From a performance management perspective, what is important is that the Perfmon/Get-Counter layer has visibility into the slow-downs at this layer. This allows these mechanisms, and the tools that use them, to provide ready insight for understanding this critical performance layer: what level of I/O volume causes slow-downs; what is the read/write mix at the onset of the slow-down; is it reads or writes that are slowing down; how long does it take the slow-down to subside; how well is the I/O load spread across servers; etc. Good I/O performance management tools can answer all these questions, answers that become critical not only for root-cause analysis, but also for forward-looking architectural and technology decisions.
The hardware layer, particularly with established protocols and vendors, is typically a “pass-thru” from a performance perspective. These adapters have their own queueing mechanisms and resource constraints (CPU, buffer memory), but have largely capitalized on smaller silicon geometries to stay ahead of the curve relative to I/O processing power.
Where hardware adapters most often come into play, during I/O slow-downs, is when there are hardware failures. While this is rare, such issues are very difficult to diagnose. A hardware failure can, for example, inadvertently spill “frames” or “packets” onto the network. This activity is fairly invisible (it’s the work of network taps to pick this up), causing the network to exhaust its resources to process all the frames/packets. This creates a backup on the hardware adapter, which pushes back on the host drivers, eventually creating a backup in the upper-level drivers. The impacts of this hardware failure then become I/O backups and high latency. This is the same impacts seen when there is a high I/O demand. With proper monitoring, one of the key pieces of data that helps distinguish between the two scenarios is how well, or not, the amount of I/O (both IOPS and throughput) correlates to the magnitude of the slow-down. If the amount of I/O correlates well with the magnitude of the slow-down, the cause is more likely due to too much I/O demand stressing the system. If the amount of I/O does not correlate well with the slow-down, this likely indicates an equipment issue.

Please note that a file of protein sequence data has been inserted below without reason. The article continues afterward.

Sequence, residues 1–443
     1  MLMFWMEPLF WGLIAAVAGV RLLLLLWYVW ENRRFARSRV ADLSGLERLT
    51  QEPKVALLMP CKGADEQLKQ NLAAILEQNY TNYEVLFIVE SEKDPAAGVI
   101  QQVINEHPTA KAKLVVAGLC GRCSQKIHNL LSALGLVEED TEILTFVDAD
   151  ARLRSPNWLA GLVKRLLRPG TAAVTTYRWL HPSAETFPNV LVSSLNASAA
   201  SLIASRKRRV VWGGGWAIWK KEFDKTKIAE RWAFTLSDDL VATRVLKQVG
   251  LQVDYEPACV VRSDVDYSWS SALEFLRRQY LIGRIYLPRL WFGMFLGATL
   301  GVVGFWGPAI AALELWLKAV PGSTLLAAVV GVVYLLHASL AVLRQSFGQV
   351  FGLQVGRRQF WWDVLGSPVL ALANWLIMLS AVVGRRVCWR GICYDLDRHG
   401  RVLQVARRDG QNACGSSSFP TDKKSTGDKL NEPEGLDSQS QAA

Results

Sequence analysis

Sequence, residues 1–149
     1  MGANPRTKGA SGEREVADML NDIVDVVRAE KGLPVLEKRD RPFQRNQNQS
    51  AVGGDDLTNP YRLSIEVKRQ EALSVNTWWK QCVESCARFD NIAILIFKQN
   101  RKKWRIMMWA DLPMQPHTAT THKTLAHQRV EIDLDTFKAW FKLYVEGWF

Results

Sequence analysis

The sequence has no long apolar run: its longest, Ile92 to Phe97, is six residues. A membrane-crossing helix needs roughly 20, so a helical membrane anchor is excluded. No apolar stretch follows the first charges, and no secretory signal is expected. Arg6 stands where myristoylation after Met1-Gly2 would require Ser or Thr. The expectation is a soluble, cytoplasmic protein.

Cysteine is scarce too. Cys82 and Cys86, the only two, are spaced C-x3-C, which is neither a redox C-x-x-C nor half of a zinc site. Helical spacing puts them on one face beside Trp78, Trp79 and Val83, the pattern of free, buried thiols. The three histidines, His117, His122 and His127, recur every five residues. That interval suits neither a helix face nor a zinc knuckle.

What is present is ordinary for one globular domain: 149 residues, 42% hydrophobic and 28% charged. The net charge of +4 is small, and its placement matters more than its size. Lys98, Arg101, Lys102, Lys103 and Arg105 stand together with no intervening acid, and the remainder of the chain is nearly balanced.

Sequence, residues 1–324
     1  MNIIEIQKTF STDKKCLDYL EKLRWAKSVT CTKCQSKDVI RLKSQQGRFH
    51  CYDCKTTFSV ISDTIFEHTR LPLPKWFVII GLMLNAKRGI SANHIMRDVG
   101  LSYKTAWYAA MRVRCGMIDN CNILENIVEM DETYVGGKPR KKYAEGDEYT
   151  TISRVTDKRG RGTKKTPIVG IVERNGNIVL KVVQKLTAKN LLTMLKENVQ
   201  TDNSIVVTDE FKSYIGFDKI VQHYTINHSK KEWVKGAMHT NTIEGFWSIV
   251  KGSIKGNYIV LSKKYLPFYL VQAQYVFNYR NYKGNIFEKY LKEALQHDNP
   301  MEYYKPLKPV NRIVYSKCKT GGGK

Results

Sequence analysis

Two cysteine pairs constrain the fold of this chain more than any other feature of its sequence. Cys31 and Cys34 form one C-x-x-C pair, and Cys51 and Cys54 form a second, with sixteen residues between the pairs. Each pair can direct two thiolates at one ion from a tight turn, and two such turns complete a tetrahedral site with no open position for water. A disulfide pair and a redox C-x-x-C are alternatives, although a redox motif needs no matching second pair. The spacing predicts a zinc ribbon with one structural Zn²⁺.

The impact of the network layer on I/O slow-downs varies by network type and architecture. For dedicated storage networks (Fibre Channel, SAS, etc.) any contribution to slow-downs, much like hardware adapters, is typically due to hardware or firmware issues. Such issues can create resource shortages or, in some cases, cause lost I/O’s. These issues are rare, but difficult to diagnose. As seen in the diagram above, network taps (protocol analyzers) play a role here, typically between the network switch egress port and the storage device.
For shared networks (shared IP and/or Ethernet infrastructure among storage and data), oversubscription of the network can also create network slow-downs (including dropped packets), which eventually bubble up to the storage driver layers and database layers.
As with hardware adapter issues, monitoring the I/O volume (IOPS and throughput) in reference to the magnitude of the slow-down, along with solid historical data for the same, can be a big help in understanding if the issue is volume related or an equipment malfunction. This information is helpful in knowing when and where to apply more invasive technology such as protocol analyzers.
This layer is listed as an optional layer between the network layer and the storage device, something becoming more and more common today, particularly with hybrid on-premise/cloud storage architectures. Needless to say, the virtualization layer can add considerable complexity into the I/O path, basically inserting most of the above diagram inside the virtualization layer, one or more times. There is not enough room here to go into all the possibilities, and all the impacts on I/O slow-downs.
Storage Controllers and Media